The difference is that an individual can choose to ignore Government guidance. If Government disapproves of porn, tough: I can decline the filter. If the Government arbitrarily removes/blocks YouTube videos, the Government's will is imposed without a choice.
[Yes, I know there are ways around YouTube national blocks, but if one doesn't get to know what's been blocked, one won't know to look for it elsewhere.]
The difference is that, say, owning one's own home isn't presented as the sole option, with the Government silently, unaccountably, removing any information about the alternative.
Personally, I don't drink alcohol, but I wouldn't support an initiative to hide off-licences.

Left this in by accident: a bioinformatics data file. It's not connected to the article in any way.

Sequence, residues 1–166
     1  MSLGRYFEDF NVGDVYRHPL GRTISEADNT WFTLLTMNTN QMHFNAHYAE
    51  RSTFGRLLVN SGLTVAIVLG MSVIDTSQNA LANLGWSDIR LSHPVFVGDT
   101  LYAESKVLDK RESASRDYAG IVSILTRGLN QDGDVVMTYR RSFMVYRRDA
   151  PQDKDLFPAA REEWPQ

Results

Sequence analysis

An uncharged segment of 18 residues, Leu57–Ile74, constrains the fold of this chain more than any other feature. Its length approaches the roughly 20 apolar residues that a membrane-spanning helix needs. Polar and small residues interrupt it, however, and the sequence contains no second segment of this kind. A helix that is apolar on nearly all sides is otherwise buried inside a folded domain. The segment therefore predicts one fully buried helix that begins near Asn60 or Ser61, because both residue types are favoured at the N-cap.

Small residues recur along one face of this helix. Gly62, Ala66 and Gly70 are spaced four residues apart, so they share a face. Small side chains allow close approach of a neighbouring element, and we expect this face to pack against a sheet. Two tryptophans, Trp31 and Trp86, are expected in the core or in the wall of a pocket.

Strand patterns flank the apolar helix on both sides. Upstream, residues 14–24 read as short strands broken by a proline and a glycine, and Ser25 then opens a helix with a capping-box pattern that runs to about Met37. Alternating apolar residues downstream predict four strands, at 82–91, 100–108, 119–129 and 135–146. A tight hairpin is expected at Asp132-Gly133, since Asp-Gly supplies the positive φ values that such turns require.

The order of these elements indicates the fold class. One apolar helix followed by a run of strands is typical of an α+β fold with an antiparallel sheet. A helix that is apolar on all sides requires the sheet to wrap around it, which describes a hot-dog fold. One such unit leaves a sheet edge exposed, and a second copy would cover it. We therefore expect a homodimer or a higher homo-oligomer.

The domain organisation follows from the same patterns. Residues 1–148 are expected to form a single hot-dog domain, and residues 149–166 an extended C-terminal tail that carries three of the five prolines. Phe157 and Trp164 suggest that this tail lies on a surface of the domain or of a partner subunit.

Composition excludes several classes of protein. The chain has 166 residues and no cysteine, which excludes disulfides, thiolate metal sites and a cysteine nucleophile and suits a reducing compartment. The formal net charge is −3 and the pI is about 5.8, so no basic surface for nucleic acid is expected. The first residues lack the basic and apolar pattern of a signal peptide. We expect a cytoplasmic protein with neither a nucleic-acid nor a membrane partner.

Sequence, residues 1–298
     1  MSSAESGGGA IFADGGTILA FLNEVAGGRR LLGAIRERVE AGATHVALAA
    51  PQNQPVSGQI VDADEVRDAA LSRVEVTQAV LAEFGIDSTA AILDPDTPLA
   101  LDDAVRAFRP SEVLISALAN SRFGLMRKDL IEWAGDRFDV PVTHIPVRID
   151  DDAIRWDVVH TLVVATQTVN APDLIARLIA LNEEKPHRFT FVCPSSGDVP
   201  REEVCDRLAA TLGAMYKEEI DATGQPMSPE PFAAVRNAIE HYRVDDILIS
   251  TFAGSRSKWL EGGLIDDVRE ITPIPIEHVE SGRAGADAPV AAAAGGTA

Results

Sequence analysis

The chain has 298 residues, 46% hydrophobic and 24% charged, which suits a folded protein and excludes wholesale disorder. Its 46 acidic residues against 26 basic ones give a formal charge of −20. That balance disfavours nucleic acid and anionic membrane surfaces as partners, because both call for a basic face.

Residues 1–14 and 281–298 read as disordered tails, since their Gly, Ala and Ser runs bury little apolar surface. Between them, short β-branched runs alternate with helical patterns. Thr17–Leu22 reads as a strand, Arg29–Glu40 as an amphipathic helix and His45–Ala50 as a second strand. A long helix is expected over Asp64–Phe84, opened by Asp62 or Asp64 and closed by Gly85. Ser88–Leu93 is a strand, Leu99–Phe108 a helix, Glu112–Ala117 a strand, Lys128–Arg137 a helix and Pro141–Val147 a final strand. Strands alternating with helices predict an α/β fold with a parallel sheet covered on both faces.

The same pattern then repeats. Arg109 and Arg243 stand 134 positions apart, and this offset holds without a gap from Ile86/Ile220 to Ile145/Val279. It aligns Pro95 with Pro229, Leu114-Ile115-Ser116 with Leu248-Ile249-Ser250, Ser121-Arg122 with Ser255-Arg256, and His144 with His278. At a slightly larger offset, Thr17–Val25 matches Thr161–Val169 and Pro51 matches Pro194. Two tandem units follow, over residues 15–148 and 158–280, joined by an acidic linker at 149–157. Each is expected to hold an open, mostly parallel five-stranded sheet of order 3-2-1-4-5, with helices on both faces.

I'm not entirely sure I understand your point. They CAN ban terrorist videos on YouTube, and I have no objection to that.
If a video is classified as 'terrorist', in a way that clearly breaches the law, then I accept it should be banned. If a video is merely vaguely 'extremist', in a way that doesn't breach laws about promoting terrorism, it may be distasteful, but is entirely legitimate to distribute and watch.